30 Statistical Analysis - Categorical Data One Sample Z test (normal approximation): large sample size. Exact Binomial confidence interval: small sample size or the number of events is close to 0 or to n. χ 2 test: pre- and post- treatment comparison. Multiple Independent Samples Z test or χ 2 test: large sample size. Fisher s Exact Test: small sample size or small number of events. Model-Based Method Logistic Regression To describe the relationship between the endpoint variable and the covariates. > Odds Ratio (OR). e.g., parallel group trials with binary endpoint.
31 Statistical Analysis - Censored Data Kaplan-Meier Estimator To compare survival distributions of two samples: Logrank Test (nonparametric).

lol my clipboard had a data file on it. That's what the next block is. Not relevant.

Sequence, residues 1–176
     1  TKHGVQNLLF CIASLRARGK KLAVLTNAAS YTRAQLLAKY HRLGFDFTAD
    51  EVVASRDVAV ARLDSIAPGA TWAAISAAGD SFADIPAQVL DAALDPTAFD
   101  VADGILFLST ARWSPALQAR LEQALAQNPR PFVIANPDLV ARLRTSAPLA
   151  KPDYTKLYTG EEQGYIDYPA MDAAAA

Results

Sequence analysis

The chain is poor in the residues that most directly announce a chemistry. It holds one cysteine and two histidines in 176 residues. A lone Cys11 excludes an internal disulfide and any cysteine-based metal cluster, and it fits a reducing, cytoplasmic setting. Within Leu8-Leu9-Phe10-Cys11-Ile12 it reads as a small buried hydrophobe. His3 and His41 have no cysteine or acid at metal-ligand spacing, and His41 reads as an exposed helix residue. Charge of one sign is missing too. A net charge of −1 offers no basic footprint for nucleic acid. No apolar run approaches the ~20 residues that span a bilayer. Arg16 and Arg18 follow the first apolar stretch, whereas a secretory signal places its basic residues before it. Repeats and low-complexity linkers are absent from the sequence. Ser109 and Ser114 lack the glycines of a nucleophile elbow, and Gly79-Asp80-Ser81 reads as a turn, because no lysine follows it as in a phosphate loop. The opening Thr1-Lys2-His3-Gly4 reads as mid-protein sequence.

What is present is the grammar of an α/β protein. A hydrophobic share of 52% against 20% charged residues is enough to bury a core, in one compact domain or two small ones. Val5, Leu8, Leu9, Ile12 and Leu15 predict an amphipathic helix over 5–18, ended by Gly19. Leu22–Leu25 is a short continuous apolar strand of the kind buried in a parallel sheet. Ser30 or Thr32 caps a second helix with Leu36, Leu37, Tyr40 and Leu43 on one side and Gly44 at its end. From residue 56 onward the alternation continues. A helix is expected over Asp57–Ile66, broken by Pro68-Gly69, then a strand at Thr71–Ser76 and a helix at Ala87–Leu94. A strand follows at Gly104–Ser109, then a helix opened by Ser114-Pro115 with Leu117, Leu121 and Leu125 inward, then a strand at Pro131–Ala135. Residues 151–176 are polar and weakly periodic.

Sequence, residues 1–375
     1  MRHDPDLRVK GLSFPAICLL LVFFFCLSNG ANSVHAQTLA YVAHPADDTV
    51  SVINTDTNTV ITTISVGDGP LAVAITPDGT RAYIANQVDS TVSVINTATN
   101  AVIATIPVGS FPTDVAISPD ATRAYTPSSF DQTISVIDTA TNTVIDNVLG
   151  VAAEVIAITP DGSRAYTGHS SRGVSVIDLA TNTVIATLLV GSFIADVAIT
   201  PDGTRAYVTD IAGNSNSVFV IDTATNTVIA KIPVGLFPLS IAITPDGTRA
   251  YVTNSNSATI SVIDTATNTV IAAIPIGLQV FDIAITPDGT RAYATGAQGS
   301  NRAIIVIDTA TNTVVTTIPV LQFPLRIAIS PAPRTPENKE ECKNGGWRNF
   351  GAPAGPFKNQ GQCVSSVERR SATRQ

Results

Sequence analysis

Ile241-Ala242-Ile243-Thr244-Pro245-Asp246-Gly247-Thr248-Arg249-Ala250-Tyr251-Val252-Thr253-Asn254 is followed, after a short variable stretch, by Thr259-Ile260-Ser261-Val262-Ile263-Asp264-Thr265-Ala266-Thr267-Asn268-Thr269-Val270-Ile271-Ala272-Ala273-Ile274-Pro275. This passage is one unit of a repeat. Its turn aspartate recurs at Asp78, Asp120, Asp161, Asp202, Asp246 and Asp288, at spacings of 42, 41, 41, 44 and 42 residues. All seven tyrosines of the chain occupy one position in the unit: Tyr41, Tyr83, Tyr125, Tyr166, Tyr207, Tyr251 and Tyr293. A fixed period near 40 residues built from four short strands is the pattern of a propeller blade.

32 Statistical Analysis - Censored Data - cont. Cox Proportional Hazard Model - Cox 1972 Widely used in survival analysis to explain the effect of covariates on survival times. Semi-parametric model: the baseline hazard can take any form (no distribution assumed for the hazard function), but the covariates enter the model linearly. Assume proportional hazards: the covariate effects multiple hazard. e.g., if taking drug X halves your hazard at time 0, it also halves your hazard at time 1, or time 0.5, or time t for any value of t. Hazard Ratio is a function of covariates and does not vary with time if all covariates are NOT time-dependent. Likelihood ratio test, Wald test, and score (logrank test).